Source: Cloud Technology (ID: aiyunjishu)
The latest research from Canalys’ Cloud Channels Analysis service shows that the total spend on cloud infrastructure services in China reached US$2.1 billion for the first time in Q1 2019. China accounted for 9.2% of the worldwide total, making it the second largest market behind The US at 48.4%.
According to a recent study by Canalys Cloud Channel Analysis Services, China's total investment in cloud infrastructure services reached $2.1 billion for the first time in the first quarter of 2019. China occupies a global market share of 9.2%, making it the second largest cloud infrastructure services market after the global share of 48.4%.
Amazon Web Services (AWS), Microsoft Azure and Google Cloud dominate globally but this is not the case in China. Government initiatives and regulations mean cloud service providers headquartered in China account for four of the top five. Alibaba Cloud led in Q1 with 47.3% Of the market, followed by Tencent Cloud with 15.4%. AWS was third, accounting for 8.8%, closely followed by Baidu Cloud (8.0%) and China Telecom (6.8%).
Amazon Cloud Services (AWS), Microsoft Azure, and Google Cloud dominate the world, but not in China. Government push and industry policies help China-based cloud service providers to take up four of the top five. Alibaba Cloud topped the list in the first quarter with a market share of 47.3%. Next is Tencent Cloud, with a market share of 15.4%. AWS ranks third, accounting for 8.8%. Followed by Baidu Cloud (8.0%) and China Telecom (6.8%).
Cloud infrastructure services spending in China has benefited from the largest population of Internet and smartphone users worldwide, fueling use of digital consumer services. "Chinese startups have rapidly grown over the last decade to become large global players with a focus on providing innovative online- Based services in video streaming, gaming, ecommerce, social media and digital finance,” said Daniel Liu, Canalys Research Analyst.
China's investment in cloud infrastructure services has benefited from China's largest Internet and smartphone subscriber base, which has greatly boosted the use of digital consumer services. Liu Chang, a research analyst at Canalys, said: “In the past decade, Chinese start-ups have grown rapidly and developed into global companies. They focus on delivering innovative digital online services in the video, gaming, e-commerce, social media and digital finance sectors.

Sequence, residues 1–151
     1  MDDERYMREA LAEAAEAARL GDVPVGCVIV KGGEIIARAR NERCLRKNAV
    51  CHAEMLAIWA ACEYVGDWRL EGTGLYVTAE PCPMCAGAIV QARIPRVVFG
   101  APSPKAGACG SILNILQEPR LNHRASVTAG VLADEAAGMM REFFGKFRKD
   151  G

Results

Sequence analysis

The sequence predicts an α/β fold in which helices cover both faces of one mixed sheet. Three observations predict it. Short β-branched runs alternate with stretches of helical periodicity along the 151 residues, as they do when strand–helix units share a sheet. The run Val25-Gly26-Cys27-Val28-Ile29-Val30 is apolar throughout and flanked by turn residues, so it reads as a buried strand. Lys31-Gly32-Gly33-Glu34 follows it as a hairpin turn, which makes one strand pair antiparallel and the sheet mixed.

<;Alibaba is the leading ecommerce platform in the country, while Tencent leads in social media with WeChat, and Baidu is the leader in online search, all underpinned by cloud computing. This has driven significant investment in distributed data centers across the country to support Incremental customer demand and the launch of new services, and to maintain high levels of availability.”
“Alibaba is China's leading e-commerce platform. Tencent is leading the social media field with WeChat. Baidu is a leader in online search, all of which are based on cloud computing. This has driven their massive investments in distributed data centers across the country to support their growing customer demand and new business launches while maintaining high availability of services. ”
Government organizations have been active cloud adopters, valuing it as a core component to support data-intensive projects, such as secure and smart cities and egovernment services. “The combination of cybersecurity policies and requirements for data localization, as well as the China Telecommunications Regulation, have helped to accelerate the growth of home-grown cloud service providers." added Liu. “The current trade issues between China and the US will amplify this further.
Government agencies have been actively adopting cloud technology as a core element in supporting data-intensive businesses such as security and smart cities, as well as e-government services. “The combination of cybersecurity policies and data localization requirements, as well as the China Telecom Regulations, can help accelerate the growth of local cloud service providers. & rdquo; Liu Chang added. “The current trade problems between China and the United States will further exacerbate this situation.
Internationally, the Chinese providers continue to expand, especially in Southeast Asia, the Middle East and parts of Europe. If the US-China relationship worsens, countries around the world will not only be forced to decide between Chinese or non-Chinese infrastructure for 5G Networks, but also for the roll-out of cloud infrastructure services.”
Internationally, Chinese cloud service providers are continuing to expand, especially in Southeast Asia, the Middle East and parts of Europe. If Sino-US relations deteriorate further, countries around the world will not only be forced to decide whether 5G network services will use Chinese or non-Chinese technology equipment, but also face the same choice in deploying cloud infrastructure services. ”